In the bridge, The Weeknd summarizes this woman's deepest mental struggles: "She always leaves the man she loves / But the diamonds are forever." She has this struggle with wanting to be engaged--to have the diamond ring of engagement--but she just can't stick with the person who'd give it to her. The last two lines also hint that she has broken off engagements before: "She always seems to be alone / But the diamonds make it better." Of course, all of these references to diamonds could also be much more innocent and simply be a reference to pieces of jewelry that suitors gave her that she never gave back.
We hear vague, African-sounding murmurings as the song takes a slower turn. When performing this song on SNL, The Weeknd stopped dancing and stood quietly with his head bowed. This portion seems to be there to remind us that the problems he's singing about are real and painful for the person who has to deal with them or be on the receiving end of them.
Deeper Thoughts on "False Alarm" by The Weeknd
Here's where things get a little less objective and I give some of my personal thoughts on the song.
First of all, it's a unique song, and I thought it sounded really weird at first--it's unusual, almost as if The Weeknd's style and Green Day had a baby. I like it, and I think there's certainly a conversation brewing over what these lyrics are about.
I'd really like to know whether the reference to diamonds are about this woman breaking off engagements or not. She reminds me of many conversations I had in college about women (or guys) who would get into a relationship, panic, and then jump ship. Heck, I almost did that myself, though I'm glad I stuck with it. I was super nervous about huge amounts of commitment, but Wife April turns about to be even more amazing married than she was as a girlfriend.
This woman seems to be struggling with a fear of commitment, and there are many people out there who struggle with that (me included, of course). I think the most telling part of the song is that Tesfaye sings, "She always leaves the man she loves,"--not the man she's bored of or the man who's a jerk. She leaves the man who she actually loves. And compared to her own wishy-washiness, Tesfaye sets up her obsession with diamonds, extremely sturdy symbols of endurance and commitment. She feels like she can't commit, so she just thinks about commitment, almost as if she wishes she wanted to commit.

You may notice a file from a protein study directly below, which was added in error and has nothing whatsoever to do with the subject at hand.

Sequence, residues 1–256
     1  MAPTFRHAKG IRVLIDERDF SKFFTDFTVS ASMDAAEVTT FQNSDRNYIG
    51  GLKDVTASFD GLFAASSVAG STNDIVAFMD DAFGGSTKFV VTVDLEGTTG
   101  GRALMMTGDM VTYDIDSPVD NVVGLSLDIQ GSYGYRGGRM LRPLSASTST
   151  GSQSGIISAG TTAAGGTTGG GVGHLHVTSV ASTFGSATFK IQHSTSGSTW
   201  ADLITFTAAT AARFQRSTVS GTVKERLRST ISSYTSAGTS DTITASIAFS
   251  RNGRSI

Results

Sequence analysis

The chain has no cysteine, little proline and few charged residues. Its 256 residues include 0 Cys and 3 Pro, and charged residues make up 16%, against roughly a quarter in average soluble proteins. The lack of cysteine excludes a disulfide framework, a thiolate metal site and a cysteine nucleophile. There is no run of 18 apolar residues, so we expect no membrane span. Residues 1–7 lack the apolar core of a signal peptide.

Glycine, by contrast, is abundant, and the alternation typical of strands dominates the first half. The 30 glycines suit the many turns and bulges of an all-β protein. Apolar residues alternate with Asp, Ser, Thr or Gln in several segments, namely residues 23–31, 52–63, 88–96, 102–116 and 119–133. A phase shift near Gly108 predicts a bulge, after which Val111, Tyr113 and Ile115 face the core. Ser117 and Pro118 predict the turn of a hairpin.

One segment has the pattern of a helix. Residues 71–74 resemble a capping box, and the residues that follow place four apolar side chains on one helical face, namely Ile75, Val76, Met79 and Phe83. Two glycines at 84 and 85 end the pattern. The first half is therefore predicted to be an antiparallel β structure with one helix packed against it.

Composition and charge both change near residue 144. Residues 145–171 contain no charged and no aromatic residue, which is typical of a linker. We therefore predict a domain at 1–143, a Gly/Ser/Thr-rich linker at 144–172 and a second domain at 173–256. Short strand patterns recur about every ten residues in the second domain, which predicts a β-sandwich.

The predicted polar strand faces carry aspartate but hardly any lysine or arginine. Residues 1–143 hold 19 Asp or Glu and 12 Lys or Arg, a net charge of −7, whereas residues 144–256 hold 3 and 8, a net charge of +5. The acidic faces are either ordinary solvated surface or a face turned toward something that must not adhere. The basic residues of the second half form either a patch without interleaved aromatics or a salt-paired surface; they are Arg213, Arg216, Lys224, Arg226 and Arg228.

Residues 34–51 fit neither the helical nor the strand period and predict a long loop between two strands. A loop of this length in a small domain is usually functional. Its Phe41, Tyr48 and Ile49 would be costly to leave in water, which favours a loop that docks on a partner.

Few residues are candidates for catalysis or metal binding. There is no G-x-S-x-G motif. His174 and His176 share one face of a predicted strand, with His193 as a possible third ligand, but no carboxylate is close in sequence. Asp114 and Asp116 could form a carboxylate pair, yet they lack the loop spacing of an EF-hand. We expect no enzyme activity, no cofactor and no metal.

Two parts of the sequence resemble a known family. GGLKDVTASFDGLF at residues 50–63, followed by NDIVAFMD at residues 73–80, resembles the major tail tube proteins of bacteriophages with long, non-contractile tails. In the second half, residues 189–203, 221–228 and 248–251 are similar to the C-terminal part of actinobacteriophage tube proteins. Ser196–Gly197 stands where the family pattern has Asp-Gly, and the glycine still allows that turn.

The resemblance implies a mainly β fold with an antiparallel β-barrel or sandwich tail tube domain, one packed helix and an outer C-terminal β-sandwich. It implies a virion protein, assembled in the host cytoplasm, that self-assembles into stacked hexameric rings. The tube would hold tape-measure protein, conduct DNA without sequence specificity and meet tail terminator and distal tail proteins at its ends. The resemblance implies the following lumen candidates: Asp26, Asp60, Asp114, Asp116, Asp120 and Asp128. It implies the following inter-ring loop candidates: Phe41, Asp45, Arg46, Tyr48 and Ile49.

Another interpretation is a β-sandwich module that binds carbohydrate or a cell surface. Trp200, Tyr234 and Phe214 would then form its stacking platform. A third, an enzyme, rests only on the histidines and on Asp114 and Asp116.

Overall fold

It's a tangled web and a dark place to be. I know because I've been there, wanting to commit to different things but being paralyzed by the fear of "what if this is a terrible decision?" I don't really have any advice to share about it other than to say that it's something you have to work through, don't do it alone, and know that it'll eventually be over.
I wonder what The Weeknd would say about commitment. Based on the song, it seems like he's ready to commit. He sees this woman as a "false alarm" because he's looking for the real thing and wants a real relationship. Of course, he's in a relationship now, but perhaps this song is about a different time.
In the meantime, you and I have to keep figuring things out. I think the woman in The Weeknd's "False Alarm" is a good example of what not to become; I appreciate "False Alarm" for going a little deeper into a difficult but common problem.